Urban homesteaders raise their own chickens
Producing fresh eggs is a small step toward owning a farm
01/25/2012 12:00 AM
01/23/2012 2:25 PM
Michael and Jennifer Seaton dream of owning their own farm.
To prepare for that lifelong dream and begin to understand what it truly means to own farm animals, they recently purchased five hens and built a custom mobile coop, or chicken tractor, in their backyard in the Sedgefield neighborhood.
"We wanted to become a little bit more self-sufficient by producing some of our own food. Sort of like urban homesteading," said Michael, 42.
It all began with online research and reading magazines such as Mother Earth News and Backyard Poultry.
Michael found Ideal Poultry, a hatchery in Texas where he could purchase the breeds he thought would be best for them: Plymouth Barred Rocks and Americana. Both breeds are nonaggressive and can cohabit. In addition, they are prolific (meaning, they lay a decent number of eggs) and are somewhat self-sufficient because they look and hunt for their own food, such as worms and bugs.
Plymouth Barred Rocks have black and white feathers. The Seatons' two Plymouth Barred Rocks are called Ying and Yang. The Americana have brown feathers and lay blue tinted eggs. The two Americana hens that they own are named Red and Spot. They received a mysterious fifth hen in their package from the hatchery whose breed was unknown. This white hen is named Orphan Annie.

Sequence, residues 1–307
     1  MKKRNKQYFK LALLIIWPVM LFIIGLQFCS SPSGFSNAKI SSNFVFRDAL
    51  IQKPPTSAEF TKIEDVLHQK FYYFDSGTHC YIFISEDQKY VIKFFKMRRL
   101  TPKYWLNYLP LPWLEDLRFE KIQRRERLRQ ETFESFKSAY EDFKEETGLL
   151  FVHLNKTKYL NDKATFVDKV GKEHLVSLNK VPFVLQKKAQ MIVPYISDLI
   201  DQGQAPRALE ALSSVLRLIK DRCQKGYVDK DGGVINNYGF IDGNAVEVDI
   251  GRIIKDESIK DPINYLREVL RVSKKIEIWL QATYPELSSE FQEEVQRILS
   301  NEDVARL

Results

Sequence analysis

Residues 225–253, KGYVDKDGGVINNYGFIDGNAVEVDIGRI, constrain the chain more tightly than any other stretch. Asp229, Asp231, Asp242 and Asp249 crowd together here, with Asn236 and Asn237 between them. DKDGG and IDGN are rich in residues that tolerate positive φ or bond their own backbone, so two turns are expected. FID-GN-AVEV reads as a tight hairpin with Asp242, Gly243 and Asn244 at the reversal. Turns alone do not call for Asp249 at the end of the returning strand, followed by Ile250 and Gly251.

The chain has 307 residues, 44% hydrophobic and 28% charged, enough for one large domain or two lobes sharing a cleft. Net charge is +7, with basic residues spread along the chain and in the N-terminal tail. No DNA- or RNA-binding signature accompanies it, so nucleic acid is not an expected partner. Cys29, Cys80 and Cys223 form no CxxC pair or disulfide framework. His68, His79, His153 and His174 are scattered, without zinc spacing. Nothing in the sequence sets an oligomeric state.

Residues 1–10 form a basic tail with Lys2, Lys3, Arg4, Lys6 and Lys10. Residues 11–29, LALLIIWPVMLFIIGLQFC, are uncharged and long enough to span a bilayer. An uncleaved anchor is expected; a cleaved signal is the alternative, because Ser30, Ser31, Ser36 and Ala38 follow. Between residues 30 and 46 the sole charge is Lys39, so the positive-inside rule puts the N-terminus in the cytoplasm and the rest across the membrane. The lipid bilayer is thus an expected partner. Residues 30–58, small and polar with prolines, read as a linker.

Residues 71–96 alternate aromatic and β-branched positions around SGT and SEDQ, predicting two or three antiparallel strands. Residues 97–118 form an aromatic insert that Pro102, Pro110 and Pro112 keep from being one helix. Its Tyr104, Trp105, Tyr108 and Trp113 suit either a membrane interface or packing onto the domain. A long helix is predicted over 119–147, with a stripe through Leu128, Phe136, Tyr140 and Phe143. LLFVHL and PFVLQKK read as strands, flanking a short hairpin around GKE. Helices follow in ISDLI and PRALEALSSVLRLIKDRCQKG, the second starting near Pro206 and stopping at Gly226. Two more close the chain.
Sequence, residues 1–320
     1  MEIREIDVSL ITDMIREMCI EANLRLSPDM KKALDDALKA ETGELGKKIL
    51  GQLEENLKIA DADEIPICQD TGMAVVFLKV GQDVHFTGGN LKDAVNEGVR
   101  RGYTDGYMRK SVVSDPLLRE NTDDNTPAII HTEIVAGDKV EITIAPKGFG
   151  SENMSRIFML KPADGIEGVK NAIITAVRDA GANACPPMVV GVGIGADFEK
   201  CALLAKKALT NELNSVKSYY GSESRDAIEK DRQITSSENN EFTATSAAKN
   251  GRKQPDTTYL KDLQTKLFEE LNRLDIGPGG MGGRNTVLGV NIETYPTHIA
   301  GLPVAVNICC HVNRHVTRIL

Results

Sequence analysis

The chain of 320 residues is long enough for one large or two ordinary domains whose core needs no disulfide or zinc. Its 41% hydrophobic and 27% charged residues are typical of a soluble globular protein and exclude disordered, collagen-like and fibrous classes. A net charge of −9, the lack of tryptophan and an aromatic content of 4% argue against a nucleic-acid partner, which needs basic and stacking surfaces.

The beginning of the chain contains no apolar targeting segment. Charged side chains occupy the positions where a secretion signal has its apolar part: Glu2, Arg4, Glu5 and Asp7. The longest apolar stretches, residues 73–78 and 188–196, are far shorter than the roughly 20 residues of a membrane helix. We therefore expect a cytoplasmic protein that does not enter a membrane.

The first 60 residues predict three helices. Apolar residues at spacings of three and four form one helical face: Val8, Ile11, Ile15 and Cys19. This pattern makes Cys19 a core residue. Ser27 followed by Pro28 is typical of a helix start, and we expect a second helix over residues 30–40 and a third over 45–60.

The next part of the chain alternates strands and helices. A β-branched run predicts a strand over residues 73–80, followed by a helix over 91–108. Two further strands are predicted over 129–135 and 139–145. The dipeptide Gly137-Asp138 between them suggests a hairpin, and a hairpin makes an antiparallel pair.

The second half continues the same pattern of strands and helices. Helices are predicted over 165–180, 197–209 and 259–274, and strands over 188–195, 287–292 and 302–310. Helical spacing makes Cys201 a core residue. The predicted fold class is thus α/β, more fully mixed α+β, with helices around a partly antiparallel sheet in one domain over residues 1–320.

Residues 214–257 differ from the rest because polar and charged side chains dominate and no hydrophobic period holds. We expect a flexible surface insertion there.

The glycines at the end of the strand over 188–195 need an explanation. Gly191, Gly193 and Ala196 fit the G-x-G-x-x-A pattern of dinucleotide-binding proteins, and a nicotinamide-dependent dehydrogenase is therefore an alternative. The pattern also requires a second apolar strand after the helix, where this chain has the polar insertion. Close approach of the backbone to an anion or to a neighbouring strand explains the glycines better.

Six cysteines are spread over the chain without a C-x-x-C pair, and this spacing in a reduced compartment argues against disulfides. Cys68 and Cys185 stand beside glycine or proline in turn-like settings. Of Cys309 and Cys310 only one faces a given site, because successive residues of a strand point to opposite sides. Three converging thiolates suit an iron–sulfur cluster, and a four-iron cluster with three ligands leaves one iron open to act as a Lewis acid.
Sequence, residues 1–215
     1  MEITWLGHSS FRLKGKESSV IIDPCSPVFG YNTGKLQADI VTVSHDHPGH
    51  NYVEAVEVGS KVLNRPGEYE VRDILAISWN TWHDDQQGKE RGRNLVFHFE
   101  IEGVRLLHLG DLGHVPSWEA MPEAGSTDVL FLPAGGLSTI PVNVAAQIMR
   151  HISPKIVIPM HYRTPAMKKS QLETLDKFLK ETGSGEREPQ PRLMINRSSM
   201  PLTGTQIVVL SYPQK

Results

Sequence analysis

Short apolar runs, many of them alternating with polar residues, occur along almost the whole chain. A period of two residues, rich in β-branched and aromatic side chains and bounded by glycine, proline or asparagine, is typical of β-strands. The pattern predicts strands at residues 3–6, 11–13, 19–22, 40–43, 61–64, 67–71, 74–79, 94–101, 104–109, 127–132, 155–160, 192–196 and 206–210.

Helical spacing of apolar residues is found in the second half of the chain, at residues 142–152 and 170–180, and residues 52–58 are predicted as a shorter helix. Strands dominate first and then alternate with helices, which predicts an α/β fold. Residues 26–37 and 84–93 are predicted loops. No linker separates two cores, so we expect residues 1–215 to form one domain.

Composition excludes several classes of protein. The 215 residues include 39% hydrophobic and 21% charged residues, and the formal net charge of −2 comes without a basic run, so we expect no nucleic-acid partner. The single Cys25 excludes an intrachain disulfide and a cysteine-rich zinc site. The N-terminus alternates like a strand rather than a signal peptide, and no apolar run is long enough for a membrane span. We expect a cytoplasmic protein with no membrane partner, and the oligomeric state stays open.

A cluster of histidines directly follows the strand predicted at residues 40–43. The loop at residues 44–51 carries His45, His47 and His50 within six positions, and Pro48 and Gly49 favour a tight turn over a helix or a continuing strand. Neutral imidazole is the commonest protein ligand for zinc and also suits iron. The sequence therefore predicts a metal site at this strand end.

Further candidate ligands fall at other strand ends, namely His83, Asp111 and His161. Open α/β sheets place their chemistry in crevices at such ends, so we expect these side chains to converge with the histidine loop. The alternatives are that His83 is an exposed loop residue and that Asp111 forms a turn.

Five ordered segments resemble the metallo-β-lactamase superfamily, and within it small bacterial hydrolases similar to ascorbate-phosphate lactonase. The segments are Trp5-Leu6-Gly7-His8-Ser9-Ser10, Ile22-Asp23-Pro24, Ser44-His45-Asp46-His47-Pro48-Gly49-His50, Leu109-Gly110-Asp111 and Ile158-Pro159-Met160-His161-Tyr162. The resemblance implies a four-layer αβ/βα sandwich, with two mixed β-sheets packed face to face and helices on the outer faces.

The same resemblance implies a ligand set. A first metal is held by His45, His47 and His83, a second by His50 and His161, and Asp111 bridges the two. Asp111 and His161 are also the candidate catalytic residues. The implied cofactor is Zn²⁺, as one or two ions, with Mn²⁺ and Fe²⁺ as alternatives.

Once the hens reach the age of 6 months, they will provide the Seatons with daily, "truly organic" eggs.
The mobile coop, built by Colin Hayes Construction, has everything that the hens need - wood shavings for warmth and waste absorption, a nest and egg box, and a ramp so they can move from the nest to the ground.
The Seatons can move the coop to different areas of their yard to allow the hens to feed on fresh ground.
"The coop, or as we call it, the chicken condo, has an area in the bottom that is big enough for them to walk around. It also protects them during the day from predators like hawks. We let them out when we are home, but once the sun sets, they move into their nest area on their own," said Jennifer, 39.
The maintenance of the hens is relatively minimal.
"Their water bucket holds enough water for three days. They eat almost any insect in the yard. We give them layered corn feed, but their favorite foods are tomatoes and apples," said Michael.
"One of my concerns is that I wanted to make sure the hens wouldn't cause a lot of ruckus. We didn't want to disturb the neighbors. But they are really quiet and there isn't a smell," said Jennifer.
The hens have become part of the Seaton pet family, which already includes two cats, two turtles, two catfish and seven koi fish.
"They are pets that produce a grocery item. I'm amazed at how many people we have told about the hens and how everyone thinks that it's a neat thing," said Jennifer.
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